An artist and a film director join forces to imitate the notion of creating sovereign states in a project that shows just how absurd private and national claims on the Earth’s territories are
WHY DO WE CARE: When working on a project as dedicated to representing the world through territories, nationalities, and identities as Supamodu, it’s hard to not come across the vast differences between what people’s lives and identities are, and what maps, charters, and organizations show. This is why we always try to represent unrecognized countries, show solidarity with displaced nations and reclaim the narrative from the imperial forces. But it’s not always straightforward and becomes even more fraught when a political awareness of the discontents of globalization comes into play. How to maintain a cultural dialogue with the planet while also keeping the neoliberal demons at bay? Cue artists, as perhaps only a force of imagination, can solve the split between the greedy, patriarchal relationship with the Earth and the need to call it our home. We’ve lately seen many films and art projects concerned with the issue of borders, but few got so close to the core of the problem as de Martin’s art project. And even though they are both short in their time span, Borlán’s films on the subject add a necessary dimension of reality to de Martin’s thesis and very tangibly ground their connection to the Earth and the universe.
WHY YOU NEED TO PAY ATTENTION: Do you ever feel like it’s hard to reconcile being a proud citizen of a particular country while also supporting immigration? The ideas behind Ruben Martín de Lucas’s projects are probably those that come up in every thinking person concerned with state structures and foreign policy every once in a while. Still, it’s rare to see these ideas represented in the physical realm. “Perhaps nations are not objective realities but mental constructions present in the collective imaginary,” he says when setting out to establish yet another minimal republic that will cease to exist in just a day. Borlán’s two films are brilliant, wise reflections on the absurdity of something that humanity has been fighting over, dying for and obsessing with for the last few thousand years. Brave and laborious in their execution, these two shorts are so fascinating, you might misconstrue them for mockumentaries. However, they are exercises in proving the art project’s substantial validity in that to make them Borlán had to struggle with a lot of bureaucracy and overcome numerous boundaries. Endearingly straightforward but also meta, they are perfect amalgamations of geopolitical discontent that sum up the world’s political climate.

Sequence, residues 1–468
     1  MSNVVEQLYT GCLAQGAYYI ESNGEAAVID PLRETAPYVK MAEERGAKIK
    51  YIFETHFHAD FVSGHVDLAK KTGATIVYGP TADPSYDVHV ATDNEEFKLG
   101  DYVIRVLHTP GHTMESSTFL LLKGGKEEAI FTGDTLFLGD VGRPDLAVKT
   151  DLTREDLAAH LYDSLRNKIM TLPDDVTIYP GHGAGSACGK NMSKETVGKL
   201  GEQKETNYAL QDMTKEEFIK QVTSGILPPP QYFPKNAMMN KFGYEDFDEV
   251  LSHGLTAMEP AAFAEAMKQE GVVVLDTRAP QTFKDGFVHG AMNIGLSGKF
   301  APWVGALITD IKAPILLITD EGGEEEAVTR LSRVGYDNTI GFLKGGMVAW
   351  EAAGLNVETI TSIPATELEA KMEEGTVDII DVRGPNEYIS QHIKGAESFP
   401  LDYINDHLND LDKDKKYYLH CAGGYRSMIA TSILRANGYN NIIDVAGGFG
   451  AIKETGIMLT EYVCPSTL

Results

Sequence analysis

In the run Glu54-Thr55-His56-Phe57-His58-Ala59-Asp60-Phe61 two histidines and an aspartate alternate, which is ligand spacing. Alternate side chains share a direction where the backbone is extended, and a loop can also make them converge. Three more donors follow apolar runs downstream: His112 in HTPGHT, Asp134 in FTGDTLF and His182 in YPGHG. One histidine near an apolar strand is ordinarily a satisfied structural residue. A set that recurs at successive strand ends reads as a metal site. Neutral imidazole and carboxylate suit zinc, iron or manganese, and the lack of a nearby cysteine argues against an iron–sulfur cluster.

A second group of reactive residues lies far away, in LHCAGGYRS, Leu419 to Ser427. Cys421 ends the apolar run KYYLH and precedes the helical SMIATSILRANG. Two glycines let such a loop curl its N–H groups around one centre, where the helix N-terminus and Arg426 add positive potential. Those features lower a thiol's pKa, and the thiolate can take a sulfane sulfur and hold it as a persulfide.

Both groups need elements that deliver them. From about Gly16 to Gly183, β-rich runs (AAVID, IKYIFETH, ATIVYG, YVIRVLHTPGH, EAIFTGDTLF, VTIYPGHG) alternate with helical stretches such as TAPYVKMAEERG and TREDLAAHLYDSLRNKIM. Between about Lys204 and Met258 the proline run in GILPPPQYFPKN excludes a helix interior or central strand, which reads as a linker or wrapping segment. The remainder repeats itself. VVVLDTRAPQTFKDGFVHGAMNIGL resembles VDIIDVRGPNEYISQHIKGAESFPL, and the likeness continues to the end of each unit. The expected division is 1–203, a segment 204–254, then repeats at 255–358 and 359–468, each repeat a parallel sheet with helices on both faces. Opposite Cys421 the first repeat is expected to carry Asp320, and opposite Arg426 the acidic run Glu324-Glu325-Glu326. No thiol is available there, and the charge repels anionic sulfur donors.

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WHAT’S GOING ON: Two films and an art project explore the issue of boundaries, borders and walls, and the way these non-tangible separations materialize to attach the nonsensical idea of ownership of the Earth’s land to some groups of people, while simultaneously restricting access to others. “Minimal Republics” is an art project in which the artist Ruben Martin de Lucas seeks to found his own tiny states, each with 100 sq.m. of space, separated by a physical border, and inhabited by only one person: the artist. Situated in mountain ranges, beaches, football fields, parking lots, or even the middle of the ocean, these republics only exist for 24 hours and are then proclaimed obsolete to show the insignificance of any given defined territory in the overall timeline of our planet and universe. In a companion short film by Fernando Martín Borlán, “Stupid Borders,” the idea is explored through ownership of plots on the moon and other planets. While in “Iceberg Nations,” also filmed by Borlán, it’s taken further and deeper: flags proclaiming new republics are mounted on icebergs, and the depletion of meaning is observed as they melt.
WHO MADE IT: Fernando Martín Borlán is a filmmaker who currently resides in Madrid. He eschews the constraints of the industry, and contemporary art is just as significant a presence in his work, as cinematography and directorial work are. In fact, he defines his purpose in filmmaking as bringing people closer to art, and this fluidity is faithfully reflected in his work. For this project, he joined forces with Spanish artist Ruben Martin de Lucas. Educated as a civil engineer, de Lucas is a painter and multi-disciplinary artists, as well as co-founder of the collective Boa Mistura, which creates public space art on four continents. The collaboration between Borlan and de Lucas is not over, and hopefully, this project will be further populated with new geysers of imagination.